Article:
* Government in Iraq has struggled to pay its bills since crude prices dropped in 2014
* Bonds will be sold in 2 tranches of $1bn each to help narrow budget deficit
* US government has agreed to guarantee one tranch
Iraq’s finance ministry will sell $2 billion worth of bonds on international markets to help narrow its budget deficit in 2017, Prime Minister Haider Al Abadi’s office said on Tuesday.
The Iraqi government, which relies almost exclusively on oil income, has struggled to pay its bills since crude prices dropped in 2014, the same year that Islamic State militants seized a third of the country’s territory.
The bonds will be sold in two equal tranches of $1bn each, according to Abadi’s statement.
The US government has agreed to guarantee one of the two tranches, to help Iraq lower its borrowing costs, the statement said. The other tranche will be sold at prevailing market conditions and Iraq will pay a higher interest rate.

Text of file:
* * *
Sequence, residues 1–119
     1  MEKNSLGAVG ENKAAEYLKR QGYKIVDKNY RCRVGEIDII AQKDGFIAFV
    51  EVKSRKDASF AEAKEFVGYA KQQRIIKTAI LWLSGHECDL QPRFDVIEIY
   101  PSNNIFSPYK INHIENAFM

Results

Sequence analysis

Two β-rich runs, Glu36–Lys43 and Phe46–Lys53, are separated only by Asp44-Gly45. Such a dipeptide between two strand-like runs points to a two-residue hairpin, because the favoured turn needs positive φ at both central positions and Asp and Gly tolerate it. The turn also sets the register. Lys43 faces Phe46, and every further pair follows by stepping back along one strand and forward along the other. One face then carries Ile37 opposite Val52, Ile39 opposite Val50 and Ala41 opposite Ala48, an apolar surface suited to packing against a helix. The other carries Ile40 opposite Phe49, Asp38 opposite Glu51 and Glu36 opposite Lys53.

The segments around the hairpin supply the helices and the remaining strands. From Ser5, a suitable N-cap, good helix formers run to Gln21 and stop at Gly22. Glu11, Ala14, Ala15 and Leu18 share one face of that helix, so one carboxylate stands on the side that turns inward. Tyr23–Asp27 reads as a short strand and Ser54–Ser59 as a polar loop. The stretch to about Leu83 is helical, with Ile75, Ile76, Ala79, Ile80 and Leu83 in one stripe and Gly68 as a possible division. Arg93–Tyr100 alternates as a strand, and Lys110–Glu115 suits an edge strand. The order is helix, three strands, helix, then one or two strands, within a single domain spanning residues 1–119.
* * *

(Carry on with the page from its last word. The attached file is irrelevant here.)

Iraq has a speculative rating of B/B- from both S&P and Fitch. It has a $2.7bn in international bonds due in 2028 with a coupon of 5.8 per cent, currently yielding about 10 per cent.
Exotix Partners in October changed its recommendation on the outstanding Iraqi bonds to “hold” from “buy”, because a recent rally has reduced the possibility of further gains. The bonds were yielding almost 15 per cent in January.
Exotix said Iraq’s 2028 government bonds have rallied as oil prices stabilised and the International Monetary Fund agreed to provide funds after Iraq committed to cutting public spending and controlling its debt.
The IMF in July approved a three-year, $5.34bn standby arrangement for Iraq to support Baghdad’s efforts to deal with lower oil prices and ensure its debt sustainability.